Sales emails lack emotive context and can sometimes be seen by buyers as lazy or dismissable in comparison to other things in their inbox.

Consider the number of emails you receive in a day... Consider a time when you may have been involved in a buying process and the appreciation you had for a salesperson that chose to speak with you over the phone.

Increasing the sales conversion rates with inbound leads starts with this understanding.

6. Teach Them One, Remarkable Thing

Now, I’ve saved the best strategy for last.

Teach the prospect or buyer one, remarkable thing they didn’t know prior to the conversation.

Remarkable means they lean back in their seat, and say, “Whoa… I hadn’t thought about it like that before.” You know the reaction I’m talking about. 


There is no greater catalyst for a prospect to build trust or confidence in a salesperson than that salesperson assuming the role of a mentor, coach, or advisor. It’s what will separate one salesperson from the three or four others the prospect is engaged with.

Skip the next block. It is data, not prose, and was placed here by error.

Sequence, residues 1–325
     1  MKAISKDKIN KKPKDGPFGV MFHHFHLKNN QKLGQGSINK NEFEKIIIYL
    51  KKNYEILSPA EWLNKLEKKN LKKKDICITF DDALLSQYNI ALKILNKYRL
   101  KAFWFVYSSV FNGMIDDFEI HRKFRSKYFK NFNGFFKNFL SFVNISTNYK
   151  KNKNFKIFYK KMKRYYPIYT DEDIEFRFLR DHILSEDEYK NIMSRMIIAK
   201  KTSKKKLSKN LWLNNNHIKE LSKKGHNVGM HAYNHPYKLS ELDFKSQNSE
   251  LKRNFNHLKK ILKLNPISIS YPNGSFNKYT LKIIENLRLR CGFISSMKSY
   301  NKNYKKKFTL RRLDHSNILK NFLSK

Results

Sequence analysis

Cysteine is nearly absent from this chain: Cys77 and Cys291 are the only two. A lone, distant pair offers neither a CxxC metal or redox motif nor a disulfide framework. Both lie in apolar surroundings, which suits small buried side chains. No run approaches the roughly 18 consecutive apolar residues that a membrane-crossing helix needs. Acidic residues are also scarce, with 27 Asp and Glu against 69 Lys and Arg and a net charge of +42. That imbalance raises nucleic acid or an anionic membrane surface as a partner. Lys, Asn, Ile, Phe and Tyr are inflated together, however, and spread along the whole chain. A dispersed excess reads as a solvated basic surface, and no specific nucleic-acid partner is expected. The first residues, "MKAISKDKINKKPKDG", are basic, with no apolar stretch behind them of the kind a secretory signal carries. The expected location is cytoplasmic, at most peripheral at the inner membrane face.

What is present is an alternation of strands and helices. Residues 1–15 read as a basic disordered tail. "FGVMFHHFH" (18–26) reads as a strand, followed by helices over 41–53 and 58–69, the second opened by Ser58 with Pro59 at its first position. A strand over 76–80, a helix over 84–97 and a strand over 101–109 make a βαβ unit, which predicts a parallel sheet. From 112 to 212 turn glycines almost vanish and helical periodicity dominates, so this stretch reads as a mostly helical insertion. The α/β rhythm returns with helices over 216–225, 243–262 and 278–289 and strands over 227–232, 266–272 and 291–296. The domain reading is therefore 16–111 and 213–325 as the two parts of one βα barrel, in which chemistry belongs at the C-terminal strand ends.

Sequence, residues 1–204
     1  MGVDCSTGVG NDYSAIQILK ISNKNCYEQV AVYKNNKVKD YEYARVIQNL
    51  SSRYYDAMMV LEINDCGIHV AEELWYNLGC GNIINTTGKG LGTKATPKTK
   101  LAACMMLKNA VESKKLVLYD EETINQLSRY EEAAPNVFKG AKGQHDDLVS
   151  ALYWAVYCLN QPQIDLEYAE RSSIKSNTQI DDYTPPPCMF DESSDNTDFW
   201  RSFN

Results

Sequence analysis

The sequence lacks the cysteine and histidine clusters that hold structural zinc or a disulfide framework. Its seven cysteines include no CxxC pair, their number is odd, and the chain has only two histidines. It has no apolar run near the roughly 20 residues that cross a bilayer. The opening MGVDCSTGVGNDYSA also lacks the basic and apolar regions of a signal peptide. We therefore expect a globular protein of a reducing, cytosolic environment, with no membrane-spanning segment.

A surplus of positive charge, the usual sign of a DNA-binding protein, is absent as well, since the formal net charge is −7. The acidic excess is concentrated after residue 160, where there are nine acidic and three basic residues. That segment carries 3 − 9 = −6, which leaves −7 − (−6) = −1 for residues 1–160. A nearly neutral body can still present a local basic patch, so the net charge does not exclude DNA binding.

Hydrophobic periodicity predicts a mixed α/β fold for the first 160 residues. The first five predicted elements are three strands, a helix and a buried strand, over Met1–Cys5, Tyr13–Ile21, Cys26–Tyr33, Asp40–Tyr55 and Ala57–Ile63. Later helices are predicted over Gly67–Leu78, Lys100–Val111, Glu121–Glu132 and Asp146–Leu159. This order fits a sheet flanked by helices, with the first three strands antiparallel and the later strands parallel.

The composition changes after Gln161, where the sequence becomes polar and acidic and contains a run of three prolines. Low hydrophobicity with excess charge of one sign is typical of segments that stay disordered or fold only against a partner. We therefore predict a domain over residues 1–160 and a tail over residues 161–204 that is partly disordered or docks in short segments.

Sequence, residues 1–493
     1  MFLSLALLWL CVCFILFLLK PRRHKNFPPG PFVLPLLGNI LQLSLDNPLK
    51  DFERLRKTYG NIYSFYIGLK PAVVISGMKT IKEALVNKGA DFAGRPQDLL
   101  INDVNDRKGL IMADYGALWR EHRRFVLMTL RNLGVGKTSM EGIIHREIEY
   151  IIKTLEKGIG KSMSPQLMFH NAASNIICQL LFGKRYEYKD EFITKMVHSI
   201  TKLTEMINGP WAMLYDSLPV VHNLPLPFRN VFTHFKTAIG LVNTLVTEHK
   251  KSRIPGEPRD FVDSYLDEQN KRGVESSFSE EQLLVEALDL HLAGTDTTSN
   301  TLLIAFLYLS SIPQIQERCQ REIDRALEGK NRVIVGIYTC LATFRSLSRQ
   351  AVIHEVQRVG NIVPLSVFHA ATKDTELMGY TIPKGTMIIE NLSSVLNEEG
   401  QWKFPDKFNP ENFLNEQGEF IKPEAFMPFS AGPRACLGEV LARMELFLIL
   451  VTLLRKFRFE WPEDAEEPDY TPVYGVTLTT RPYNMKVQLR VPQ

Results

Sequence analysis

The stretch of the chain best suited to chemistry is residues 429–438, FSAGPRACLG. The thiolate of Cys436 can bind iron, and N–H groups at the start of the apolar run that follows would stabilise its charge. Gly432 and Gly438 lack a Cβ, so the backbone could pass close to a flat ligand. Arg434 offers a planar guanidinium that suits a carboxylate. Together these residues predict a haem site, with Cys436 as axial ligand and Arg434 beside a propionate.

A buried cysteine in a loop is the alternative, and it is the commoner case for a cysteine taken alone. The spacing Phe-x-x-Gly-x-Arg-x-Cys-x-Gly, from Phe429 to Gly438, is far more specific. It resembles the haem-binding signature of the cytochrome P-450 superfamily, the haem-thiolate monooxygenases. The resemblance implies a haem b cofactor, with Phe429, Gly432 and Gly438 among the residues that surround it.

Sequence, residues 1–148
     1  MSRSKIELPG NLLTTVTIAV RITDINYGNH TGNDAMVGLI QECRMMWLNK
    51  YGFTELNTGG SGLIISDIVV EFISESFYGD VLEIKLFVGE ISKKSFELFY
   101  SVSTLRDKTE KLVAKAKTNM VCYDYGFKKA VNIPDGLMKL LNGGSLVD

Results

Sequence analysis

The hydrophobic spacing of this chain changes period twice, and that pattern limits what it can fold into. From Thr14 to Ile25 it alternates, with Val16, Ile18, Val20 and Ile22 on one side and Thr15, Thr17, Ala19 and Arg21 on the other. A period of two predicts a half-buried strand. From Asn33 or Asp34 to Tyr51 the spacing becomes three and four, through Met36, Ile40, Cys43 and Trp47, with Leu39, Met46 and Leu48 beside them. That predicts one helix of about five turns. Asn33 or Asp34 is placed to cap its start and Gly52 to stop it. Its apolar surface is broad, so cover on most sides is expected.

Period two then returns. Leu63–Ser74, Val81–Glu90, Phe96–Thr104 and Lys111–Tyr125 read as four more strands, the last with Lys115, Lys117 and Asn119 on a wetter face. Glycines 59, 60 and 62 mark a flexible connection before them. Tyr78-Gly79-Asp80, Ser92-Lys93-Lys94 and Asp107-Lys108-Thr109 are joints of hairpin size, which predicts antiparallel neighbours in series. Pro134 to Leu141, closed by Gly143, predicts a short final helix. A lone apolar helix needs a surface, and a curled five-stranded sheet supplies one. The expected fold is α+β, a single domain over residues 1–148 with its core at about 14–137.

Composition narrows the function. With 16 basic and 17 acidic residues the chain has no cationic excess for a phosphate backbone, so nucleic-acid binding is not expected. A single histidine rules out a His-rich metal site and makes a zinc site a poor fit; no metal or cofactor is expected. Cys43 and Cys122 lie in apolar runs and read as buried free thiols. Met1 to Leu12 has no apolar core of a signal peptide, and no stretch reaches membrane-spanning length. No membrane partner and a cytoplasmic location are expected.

For the purposes of this article, I hope point #7 is the one thing you take away :).

Key Takeaways

Selling successfully to inbound leads requires salespeople to reevaluate their approach to the conversation. Educated buyers no longer have the same “need” for a salesperson and as a result, the role of a salesperson must change to a consultant or advisor.

At IMPACT, we’ve found that the 6 best ways to improve selling efficient and win rates are as follows:

  1. Have a Consistent Sales Story: Make sure the language and message to the buyer is consistent between marketing and sales
  2. Use Questioning to Influence Behavior: Buyers don’t want to be told what to do or why they should change. They need to figure that out for themselves. The best way for a salesperson to help the buyer do that is through questioning.
  3. Make Them Talk 70% of the Time: To the Buyer, it’s not a sales process, it’s a buying journey. Therefore, the entire experience should be about them - their goals, plans, challenges, and timelines. Salespeople - get them talking!
  4. Stay Away from Specifics (When Possible): When a sales conversation shifts into the specifics, it can become a rabbit hole that pulls the salesperson away from the main levers that help to close deals.
  5. Don’t Sell through Email: Email is, unfortunately, a place where important messages go to get missed. For the content and language that’s essential for moving a deal forward, salespeople should lean on direct communication.
  6. Teach Them One, Remarkable Thing: If a salesperson does nothing else besides bring the level of education of the buyer up one notch, it becomes a differentiating and winning factor for that salesperson.